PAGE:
What Is a Grand Jury?
A grand jury is comprised of members of the public who are selected and compiled from multiple sources. Those sources typically include voter registration, driver's licenses, and tax records. A typical federal grand jury is a group of anywhere from 16 to 23 citizens. The particular number of jurors in state grand juries can differ widely from one state to the next.
What Does a Grand Jury Do?
The role of the grand jury is to review and consider evidence that is presented before them by a prosecutor. That prosecutor can work for the local county in state cases or the U.S. Attorney's Office in federal proceedings. The purpose of the grand jury is to make a determination whether there is enough evidence from what is presented to make a formal charge against the defendant(s), such that the defendant(s) would be required to respond to the alleged charges.
Grand Jury Indictment Process
The U.S. Constitution's Fifth Amendment requires that charges for all capital crimes and offenses be asserted by an indictment process that is returned by a grand jury. The Fifth Amendment has also been used in American jurisprudence to require that an indictment be used to charge defendants with federal felony offenses unless the defendant waives his or her right to be indicted by a grand jury. The United States Supreme Court has ruled that the Fifth Amendment's provisions regarding grand jury indictment are not applicable and binding on the individual states, so states are able to use grand juries if they so desire.
When a grand jury process is used, ordinary citizens are selected to form a panel. That panel then investigates criminal activity on a secret and confidential basis. The panel issues an indictment that commences the criminal justice process and specific proceedings. In grand jury hearings at the state level, there is no judge, defendant, or defense attorney present and participating in the proceedings. A foreman is elected by the panel to lead the investigation process and prepare the indictment. In some jurisdictions, the foreman is selected by the court. Once a grand jury indictment is complete, law enforcement begins the process of apprehending and arresting the defendant who was the subject of the indictment process. This action commences the criminal justice process.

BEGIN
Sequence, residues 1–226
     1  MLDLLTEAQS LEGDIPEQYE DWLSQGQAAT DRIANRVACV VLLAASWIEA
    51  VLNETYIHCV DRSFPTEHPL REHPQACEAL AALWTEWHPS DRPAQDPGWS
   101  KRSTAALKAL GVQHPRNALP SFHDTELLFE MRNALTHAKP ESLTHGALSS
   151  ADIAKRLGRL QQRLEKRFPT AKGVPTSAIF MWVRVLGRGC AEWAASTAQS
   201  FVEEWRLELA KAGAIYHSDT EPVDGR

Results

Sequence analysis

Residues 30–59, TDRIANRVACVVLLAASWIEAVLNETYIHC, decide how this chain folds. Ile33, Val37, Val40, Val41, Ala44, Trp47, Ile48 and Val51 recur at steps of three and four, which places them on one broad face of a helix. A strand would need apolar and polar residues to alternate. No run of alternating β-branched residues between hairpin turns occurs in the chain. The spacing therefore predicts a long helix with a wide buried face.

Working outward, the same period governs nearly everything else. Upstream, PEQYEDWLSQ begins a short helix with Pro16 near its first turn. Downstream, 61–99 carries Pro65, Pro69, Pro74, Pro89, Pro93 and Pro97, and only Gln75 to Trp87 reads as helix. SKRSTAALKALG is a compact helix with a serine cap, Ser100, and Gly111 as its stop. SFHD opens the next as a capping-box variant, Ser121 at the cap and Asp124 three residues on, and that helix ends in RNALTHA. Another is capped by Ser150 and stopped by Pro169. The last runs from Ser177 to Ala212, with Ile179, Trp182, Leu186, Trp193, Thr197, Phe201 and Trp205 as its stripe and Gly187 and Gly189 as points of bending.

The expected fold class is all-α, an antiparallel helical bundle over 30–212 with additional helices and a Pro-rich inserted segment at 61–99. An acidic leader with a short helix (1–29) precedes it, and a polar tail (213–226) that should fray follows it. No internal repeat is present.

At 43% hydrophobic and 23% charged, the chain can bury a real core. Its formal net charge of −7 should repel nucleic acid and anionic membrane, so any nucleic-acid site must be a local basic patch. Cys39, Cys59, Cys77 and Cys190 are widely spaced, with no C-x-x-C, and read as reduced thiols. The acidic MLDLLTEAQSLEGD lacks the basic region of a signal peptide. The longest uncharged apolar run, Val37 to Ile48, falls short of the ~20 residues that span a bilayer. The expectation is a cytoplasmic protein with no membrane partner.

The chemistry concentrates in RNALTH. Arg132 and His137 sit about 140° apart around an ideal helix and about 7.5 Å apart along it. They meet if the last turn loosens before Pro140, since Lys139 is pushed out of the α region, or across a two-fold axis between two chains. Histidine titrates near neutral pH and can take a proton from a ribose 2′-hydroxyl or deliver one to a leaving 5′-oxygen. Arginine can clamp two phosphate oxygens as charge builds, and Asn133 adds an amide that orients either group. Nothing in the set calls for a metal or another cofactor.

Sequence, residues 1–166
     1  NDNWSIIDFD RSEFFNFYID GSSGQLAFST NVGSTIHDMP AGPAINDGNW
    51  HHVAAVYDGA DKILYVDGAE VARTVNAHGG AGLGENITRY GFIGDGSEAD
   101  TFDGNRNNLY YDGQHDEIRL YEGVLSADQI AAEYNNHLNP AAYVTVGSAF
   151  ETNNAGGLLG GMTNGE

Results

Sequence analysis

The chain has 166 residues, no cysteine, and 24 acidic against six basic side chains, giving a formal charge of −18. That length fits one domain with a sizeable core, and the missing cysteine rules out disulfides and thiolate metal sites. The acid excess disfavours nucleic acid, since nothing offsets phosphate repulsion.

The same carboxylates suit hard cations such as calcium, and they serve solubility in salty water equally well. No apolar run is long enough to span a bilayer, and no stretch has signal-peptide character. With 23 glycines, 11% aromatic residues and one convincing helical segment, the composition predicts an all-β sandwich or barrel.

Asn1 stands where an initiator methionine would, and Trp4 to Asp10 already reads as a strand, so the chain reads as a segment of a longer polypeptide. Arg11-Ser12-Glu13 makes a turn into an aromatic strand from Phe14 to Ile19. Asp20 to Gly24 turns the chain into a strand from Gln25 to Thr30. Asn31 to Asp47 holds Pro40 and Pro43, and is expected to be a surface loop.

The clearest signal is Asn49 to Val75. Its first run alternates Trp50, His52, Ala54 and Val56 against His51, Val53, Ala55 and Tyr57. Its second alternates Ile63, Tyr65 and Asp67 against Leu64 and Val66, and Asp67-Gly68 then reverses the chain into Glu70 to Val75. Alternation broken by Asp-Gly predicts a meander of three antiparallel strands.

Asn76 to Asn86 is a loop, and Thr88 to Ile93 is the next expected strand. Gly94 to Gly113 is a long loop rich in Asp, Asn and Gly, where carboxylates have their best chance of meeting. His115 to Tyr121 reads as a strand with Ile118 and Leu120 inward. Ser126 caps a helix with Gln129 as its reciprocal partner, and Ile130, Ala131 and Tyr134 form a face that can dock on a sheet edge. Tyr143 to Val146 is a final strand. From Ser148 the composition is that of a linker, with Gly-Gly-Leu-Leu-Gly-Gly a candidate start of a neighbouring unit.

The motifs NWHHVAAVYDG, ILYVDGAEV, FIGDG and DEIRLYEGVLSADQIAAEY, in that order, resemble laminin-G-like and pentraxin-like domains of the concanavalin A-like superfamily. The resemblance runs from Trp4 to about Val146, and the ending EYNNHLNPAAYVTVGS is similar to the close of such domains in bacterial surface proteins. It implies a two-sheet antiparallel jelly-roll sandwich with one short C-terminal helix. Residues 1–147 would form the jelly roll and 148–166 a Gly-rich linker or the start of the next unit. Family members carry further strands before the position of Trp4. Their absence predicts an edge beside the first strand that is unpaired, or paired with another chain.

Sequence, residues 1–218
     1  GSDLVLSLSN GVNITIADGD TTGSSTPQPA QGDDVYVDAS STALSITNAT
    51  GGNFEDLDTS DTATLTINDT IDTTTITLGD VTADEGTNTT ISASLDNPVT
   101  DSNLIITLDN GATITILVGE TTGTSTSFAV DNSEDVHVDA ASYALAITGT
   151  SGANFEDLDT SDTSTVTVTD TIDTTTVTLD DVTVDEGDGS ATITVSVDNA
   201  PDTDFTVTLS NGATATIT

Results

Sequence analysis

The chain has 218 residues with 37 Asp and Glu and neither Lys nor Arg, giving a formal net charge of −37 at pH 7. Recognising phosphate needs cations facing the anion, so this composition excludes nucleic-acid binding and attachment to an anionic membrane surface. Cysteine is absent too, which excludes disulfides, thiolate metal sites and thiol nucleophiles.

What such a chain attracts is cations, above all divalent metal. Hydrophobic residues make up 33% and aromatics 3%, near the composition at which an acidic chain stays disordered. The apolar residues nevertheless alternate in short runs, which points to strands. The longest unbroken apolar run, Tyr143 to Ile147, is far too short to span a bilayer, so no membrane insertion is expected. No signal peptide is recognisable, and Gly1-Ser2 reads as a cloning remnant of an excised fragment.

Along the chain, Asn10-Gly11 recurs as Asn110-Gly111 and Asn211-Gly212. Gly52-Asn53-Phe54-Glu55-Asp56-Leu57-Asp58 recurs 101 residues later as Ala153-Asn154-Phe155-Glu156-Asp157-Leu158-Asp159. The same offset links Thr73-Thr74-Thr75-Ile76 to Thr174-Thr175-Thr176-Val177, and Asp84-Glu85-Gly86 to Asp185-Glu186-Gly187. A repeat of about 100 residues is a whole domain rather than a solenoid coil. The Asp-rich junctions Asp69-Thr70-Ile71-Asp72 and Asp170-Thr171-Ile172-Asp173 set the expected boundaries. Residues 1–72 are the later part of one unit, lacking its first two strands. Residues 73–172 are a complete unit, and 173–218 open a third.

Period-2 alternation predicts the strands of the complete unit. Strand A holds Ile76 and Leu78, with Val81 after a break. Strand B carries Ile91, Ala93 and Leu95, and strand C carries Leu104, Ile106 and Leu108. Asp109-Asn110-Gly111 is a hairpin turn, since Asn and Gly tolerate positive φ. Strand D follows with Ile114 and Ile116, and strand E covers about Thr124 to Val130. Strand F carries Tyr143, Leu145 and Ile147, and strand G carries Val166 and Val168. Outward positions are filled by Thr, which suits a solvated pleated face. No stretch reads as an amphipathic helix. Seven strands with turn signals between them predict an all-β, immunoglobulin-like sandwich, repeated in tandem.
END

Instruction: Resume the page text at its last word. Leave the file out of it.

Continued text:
State Grand Jury Procedures
Not surprisingly, the lack of a unified federal mandate applicable to all states has created a situation in which each individual state has its own grand jury procedures. In some jurisdictions, the states follow federal procedures. In other jurisdictions, states offer an optional indictment process that permits a prosecutor to file a complaint or information that charges a defendant with an offense on a formal basis.
Federal Grand Jury Procedures
Federal grand juries are very much like their state counterparts. They meet secretly. No judge, defendant, or defense counsel participates. The federal prosecutor, a U.S. attorney, is charged with presenting the case to the panel, which is comprised of members of the public. A simple majority vote is what is needed for a federal grand jury indictment. The federal grand jury foreman prepares the indictment and tenders it to a federal magistrate judge. Once the indictment process concludes, an arrest warrant is usually issued for the defendant(s). This starts the criminal justice process at the federal level.